2) ...in the New Covenant (A)

3.3.2 The object of Christian love in the light of the New Covenant (A)

At the end of the last section the question was asked concerning why Paul speaks so rarely about our love (agapê) for God. The most common answer to this question is that:

“Paul prefers the term πίστις [faith], for this highlights the attitude of receptivity characteristic of man’s whole relationship with God. This contains an important element of truth, but is cannot be a complete explanation.p.142

However, John speaks frequently of man’s love for Christ, and for the Father but is just as insistent on man’s relationship of receptivity.

The basic answer to our question is to be found rather in the fact that the perspecive in which Paul sees agapê is determined not by the biblical concept of Covenant in general (that of a recoprochal relationship between God and man), but by that particular aspect of the New Covenant which consititues its very novely, and which brings to the general concept of reciprocity a completely new dimension—that of dyamic union. For Paul, the immediacy of the Christian’s relationship with God consistes not so much in the fact that God is the object of his love (though this is presupposed), as in the fact that he is its source.p.142

So Paul is no as concerned about the object of agapê as about its source. It’s value is independent of its object. “This is because at the well-spring of all christian love man is immediately united with God.”p.143

Genuine, authentic, Christian love for one’s neighbour that is totally selfless is only possible when God is in posession of the person and the person is wholly surrendered to God.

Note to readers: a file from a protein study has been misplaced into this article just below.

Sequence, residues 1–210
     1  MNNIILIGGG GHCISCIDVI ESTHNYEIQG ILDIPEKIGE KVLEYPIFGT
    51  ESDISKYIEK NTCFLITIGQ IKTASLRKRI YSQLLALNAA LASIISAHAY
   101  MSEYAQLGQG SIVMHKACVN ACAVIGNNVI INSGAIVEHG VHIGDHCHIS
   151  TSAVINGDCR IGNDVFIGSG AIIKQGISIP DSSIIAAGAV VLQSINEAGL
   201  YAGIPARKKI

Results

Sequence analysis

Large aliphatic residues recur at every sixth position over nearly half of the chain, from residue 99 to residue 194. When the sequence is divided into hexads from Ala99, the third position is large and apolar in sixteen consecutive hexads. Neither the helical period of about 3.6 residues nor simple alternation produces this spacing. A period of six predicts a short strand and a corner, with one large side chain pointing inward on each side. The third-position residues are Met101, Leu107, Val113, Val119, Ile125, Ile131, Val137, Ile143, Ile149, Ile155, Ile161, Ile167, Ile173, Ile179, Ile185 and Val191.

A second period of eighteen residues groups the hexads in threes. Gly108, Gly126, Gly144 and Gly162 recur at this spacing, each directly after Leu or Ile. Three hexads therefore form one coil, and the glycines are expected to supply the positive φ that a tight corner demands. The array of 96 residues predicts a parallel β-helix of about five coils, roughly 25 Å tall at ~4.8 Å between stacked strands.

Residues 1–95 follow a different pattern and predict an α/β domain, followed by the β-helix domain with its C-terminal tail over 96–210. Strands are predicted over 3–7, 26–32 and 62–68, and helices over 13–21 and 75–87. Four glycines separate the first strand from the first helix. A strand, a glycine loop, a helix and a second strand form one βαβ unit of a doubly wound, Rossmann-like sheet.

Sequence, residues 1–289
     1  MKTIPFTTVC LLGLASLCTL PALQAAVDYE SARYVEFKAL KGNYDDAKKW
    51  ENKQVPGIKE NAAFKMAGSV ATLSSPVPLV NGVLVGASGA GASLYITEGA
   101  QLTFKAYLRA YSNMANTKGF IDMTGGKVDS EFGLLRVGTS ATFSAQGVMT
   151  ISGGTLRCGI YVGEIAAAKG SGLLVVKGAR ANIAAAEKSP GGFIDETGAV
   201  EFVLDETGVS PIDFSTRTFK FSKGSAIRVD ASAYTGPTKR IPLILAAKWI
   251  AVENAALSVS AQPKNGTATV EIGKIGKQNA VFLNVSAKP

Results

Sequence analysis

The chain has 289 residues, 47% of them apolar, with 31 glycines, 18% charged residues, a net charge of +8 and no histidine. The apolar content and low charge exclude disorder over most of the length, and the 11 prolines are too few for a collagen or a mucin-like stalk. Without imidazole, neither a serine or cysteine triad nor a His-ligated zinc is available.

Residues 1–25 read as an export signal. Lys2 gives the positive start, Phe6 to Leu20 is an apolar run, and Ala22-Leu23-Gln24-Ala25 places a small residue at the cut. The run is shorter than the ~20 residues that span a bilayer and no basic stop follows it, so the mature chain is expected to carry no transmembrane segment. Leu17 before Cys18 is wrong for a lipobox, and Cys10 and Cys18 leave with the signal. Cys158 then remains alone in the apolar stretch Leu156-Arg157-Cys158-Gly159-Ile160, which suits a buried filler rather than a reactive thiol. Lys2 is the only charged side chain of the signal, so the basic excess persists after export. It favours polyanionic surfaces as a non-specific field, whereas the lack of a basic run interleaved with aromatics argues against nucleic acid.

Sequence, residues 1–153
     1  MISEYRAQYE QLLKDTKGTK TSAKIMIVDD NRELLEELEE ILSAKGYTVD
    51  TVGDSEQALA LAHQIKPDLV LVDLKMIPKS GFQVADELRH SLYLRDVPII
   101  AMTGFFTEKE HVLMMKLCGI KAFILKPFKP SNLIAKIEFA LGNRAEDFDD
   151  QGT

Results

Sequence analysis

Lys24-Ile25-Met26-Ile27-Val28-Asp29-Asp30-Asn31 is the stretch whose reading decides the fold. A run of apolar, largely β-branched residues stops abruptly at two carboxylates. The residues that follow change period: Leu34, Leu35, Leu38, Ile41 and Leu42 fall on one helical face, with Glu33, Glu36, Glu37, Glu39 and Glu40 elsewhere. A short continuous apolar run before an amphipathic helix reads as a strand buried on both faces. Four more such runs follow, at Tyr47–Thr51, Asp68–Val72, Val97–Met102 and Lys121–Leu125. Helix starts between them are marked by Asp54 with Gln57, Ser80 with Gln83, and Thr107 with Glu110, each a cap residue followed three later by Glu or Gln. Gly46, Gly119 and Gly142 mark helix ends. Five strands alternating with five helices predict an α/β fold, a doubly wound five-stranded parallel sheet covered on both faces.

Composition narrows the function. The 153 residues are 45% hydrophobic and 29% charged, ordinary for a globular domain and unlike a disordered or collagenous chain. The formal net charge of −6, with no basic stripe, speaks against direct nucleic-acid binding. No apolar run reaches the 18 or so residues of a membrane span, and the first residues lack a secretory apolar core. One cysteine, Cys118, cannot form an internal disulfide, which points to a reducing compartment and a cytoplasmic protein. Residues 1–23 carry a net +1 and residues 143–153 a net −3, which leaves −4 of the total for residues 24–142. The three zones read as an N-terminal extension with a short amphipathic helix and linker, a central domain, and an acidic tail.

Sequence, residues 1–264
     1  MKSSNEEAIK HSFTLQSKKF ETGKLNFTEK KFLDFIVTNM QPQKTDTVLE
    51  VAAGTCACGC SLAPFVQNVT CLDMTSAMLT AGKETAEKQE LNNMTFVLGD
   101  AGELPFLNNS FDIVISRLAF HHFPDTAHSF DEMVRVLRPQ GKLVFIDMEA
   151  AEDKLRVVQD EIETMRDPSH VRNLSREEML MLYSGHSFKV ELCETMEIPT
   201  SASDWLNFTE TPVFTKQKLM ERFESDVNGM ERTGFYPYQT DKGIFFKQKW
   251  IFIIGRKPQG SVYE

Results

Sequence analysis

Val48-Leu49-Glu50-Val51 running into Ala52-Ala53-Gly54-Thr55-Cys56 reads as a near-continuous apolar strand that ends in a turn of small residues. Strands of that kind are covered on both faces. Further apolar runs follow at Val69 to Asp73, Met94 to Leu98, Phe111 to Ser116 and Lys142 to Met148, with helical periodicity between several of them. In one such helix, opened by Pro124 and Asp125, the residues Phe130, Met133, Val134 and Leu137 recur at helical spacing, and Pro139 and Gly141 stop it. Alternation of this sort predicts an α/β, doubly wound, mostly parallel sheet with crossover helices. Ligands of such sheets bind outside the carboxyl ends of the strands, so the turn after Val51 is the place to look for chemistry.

“To say that the Christian’s love for his neighbour is ‘part’ of his love for God, or that the Christian loves his nieghbour ‘for the sake of his love for God’, is to misunderstand Paul and to overlook the completlely new dimension which the New Covenant has brought to the relationship between God and man.p.143

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Paul’s primary concern is not so much that the Christian loves his neighbour, or loves God, but that the Christian “loves (and must love) with a heart that God’s own love has transformed.”p.144

This differs immensely from a contemporary attitude that a love for the needy and destitute is of more value because of the object of the love. Paul never urges the churches to start community aid programs in the cities, although no doubt he would see this as a good and Christian enterprise.p.144

Updated 2009-10-20 (build:62) by Andrew Fountain